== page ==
The Westies: When did you first get into electronic music?
Sara: Well since I was a kid, I used to love playing guitar, I used to play the ukulele and the guitar and the banjo which is completely different. When I finished high school, I went to uni and I saw that lots of people making this electronic music. I was going out to clubs and saw a lot of people playing live, electronically. And I thought “oh my god what’s that? What’s the computer for that? What are those pads that they’re clicking that are colourful?” and I just thought it was so cool.
I always loved playing the guitar but I wanted to do something that was going to be more technical for my mind to get around. Because for me, guitar was second nature for me to play.
With electronic, you can make the whole song by yourself. You don’t need a producer to think of sounds, you don’t need other instrumentalists, you can do the whole thing. And I am such a perfectionist, so if I can get my hands on the whole song that suits me.
I can go home and feel happy about myself rather, than feeling like I’m not good enough.
The Westies: The program is called All Girl Electronic, why do you think it’s important to have a program that’s just for girls?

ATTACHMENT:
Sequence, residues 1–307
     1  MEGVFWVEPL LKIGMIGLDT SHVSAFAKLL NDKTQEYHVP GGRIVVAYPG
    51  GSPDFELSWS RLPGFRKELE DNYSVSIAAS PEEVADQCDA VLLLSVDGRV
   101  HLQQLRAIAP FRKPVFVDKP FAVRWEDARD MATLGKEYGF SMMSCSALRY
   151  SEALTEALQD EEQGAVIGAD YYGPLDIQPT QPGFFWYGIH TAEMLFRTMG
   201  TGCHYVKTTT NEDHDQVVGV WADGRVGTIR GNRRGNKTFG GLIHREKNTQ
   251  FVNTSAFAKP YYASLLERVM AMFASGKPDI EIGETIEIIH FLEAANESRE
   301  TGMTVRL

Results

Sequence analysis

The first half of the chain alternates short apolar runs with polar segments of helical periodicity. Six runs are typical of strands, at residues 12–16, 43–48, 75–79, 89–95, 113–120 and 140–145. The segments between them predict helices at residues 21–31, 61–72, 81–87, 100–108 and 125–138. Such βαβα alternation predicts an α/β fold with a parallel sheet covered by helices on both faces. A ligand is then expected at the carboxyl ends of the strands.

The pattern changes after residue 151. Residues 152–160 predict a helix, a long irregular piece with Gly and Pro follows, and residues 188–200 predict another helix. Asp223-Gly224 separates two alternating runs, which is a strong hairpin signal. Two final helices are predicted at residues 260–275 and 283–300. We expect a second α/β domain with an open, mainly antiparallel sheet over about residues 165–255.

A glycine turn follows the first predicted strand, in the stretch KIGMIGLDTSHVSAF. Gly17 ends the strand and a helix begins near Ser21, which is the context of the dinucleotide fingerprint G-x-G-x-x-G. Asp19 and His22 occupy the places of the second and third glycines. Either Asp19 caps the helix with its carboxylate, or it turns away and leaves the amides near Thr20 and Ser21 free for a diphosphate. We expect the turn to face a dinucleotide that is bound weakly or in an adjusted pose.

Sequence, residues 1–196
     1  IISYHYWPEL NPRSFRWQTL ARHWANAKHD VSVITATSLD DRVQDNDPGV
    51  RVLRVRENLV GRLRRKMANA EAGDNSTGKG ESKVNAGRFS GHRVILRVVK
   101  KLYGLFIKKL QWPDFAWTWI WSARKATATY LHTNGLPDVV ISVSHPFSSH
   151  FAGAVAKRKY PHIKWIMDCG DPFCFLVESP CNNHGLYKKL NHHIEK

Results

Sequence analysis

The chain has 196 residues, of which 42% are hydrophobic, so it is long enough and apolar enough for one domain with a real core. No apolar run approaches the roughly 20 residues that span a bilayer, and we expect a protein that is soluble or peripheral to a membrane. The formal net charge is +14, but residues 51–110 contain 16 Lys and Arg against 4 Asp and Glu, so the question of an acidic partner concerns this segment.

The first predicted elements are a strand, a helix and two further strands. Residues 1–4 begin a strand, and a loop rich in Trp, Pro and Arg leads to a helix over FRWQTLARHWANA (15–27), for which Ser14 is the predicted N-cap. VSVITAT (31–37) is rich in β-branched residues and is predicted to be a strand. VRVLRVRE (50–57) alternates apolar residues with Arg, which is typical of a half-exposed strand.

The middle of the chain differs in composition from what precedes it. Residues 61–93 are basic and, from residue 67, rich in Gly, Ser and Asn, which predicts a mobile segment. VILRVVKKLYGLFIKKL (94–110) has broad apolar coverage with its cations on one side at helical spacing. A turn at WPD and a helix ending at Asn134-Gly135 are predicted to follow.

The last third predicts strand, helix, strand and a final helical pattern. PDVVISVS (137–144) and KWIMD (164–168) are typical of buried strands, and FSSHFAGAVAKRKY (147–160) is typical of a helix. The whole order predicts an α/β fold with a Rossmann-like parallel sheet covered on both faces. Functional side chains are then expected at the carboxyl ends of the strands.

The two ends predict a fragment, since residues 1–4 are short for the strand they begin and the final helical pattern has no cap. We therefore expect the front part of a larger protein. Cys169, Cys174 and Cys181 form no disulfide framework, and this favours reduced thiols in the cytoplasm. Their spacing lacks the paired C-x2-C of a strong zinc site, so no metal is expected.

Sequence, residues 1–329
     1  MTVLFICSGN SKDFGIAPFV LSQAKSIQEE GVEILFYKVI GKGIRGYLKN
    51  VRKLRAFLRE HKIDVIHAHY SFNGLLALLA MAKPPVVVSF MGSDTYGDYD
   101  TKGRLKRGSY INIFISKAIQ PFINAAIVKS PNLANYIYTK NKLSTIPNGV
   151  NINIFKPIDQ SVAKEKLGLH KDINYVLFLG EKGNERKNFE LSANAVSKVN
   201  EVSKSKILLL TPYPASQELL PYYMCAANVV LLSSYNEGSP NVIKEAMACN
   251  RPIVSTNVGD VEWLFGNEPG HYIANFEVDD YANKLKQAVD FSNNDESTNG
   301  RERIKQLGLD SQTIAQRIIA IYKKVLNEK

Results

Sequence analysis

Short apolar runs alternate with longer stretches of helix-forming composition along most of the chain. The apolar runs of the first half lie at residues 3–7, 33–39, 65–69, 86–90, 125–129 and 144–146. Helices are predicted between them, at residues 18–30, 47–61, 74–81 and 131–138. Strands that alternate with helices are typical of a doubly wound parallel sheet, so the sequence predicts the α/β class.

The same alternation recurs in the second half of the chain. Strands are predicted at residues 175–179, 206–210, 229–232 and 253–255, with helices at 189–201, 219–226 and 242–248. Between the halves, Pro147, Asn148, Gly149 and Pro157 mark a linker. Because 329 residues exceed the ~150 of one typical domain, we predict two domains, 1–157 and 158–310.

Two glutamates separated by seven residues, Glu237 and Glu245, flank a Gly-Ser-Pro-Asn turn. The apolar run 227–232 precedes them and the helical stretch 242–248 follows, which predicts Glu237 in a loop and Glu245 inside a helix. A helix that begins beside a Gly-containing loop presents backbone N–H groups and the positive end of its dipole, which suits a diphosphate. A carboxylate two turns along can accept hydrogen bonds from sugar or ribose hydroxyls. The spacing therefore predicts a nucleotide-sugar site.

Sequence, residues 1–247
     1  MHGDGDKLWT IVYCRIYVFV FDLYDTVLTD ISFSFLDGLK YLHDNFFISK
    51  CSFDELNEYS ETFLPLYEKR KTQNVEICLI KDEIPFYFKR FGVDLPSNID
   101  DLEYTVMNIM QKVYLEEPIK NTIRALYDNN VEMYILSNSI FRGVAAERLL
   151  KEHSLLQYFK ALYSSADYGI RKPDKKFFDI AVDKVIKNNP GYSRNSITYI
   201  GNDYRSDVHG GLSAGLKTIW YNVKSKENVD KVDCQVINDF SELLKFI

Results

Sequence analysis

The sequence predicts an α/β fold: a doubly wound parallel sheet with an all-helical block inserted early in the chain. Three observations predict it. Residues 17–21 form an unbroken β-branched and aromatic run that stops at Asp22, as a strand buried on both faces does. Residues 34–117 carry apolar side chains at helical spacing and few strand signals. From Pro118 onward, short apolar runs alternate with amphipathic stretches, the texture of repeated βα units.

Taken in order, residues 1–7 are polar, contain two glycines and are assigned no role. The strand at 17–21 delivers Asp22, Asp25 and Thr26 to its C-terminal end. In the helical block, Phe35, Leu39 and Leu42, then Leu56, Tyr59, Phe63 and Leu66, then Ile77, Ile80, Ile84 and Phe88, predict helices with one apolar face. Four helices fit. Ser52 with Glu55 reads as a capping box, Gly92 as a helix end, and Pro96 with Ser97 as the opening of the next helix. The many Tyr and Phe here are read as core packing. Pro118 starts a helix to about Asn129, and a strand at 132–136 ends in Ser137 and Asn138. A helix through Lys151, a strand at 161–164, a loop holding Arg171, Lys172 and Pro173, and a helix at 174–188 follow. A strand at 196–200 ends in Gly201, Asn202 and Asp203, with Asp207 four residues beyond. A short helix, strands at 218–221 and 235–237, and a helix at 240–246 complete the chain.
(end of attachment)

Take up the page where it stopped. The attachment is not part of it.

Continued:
Sara: I am so passionate about this. I study music at university. In all my classes there’s heaps of boys, I’m doing a digital music course at the same time [as All Girl Electronic]. There’s only two girls in my whole class and the class is 40 people and you feel really intimidated. Our teacher barely helps us girls, my friend Emma and I. He connects more with the guys and they don’t like to make the kind of music that we like to make. I in particular make super melancholy, bittersweet music that’s not always the stereotypical kind of electronic music that people make. I felt like I didn’t fit in and it made me not like electronic music.
But then every Saturday I come here and it is always so lovely. Julia always helps us out, she wants to get us gigs and she really encourages us. All the mentors that come in are so talented and they come in every single week and help us one-on-one with stuff. I found that so helpful because in a big class, you just get lost.
Here you really feel like you’re part of a community. It sounds so cliche, but it is. I’ve made friends with all the girls here, we talk outside of here, we all give each other advice. When I played my gigs, Julia came and she was super proud of me. It makes you feel like you’re part of something that’s super special. It’s so nice to have a place where you can come in and just ask questions and not feel nervous or shy or like people are going to judge you about your music.
Interview: Katrina James
Photos: Katrina James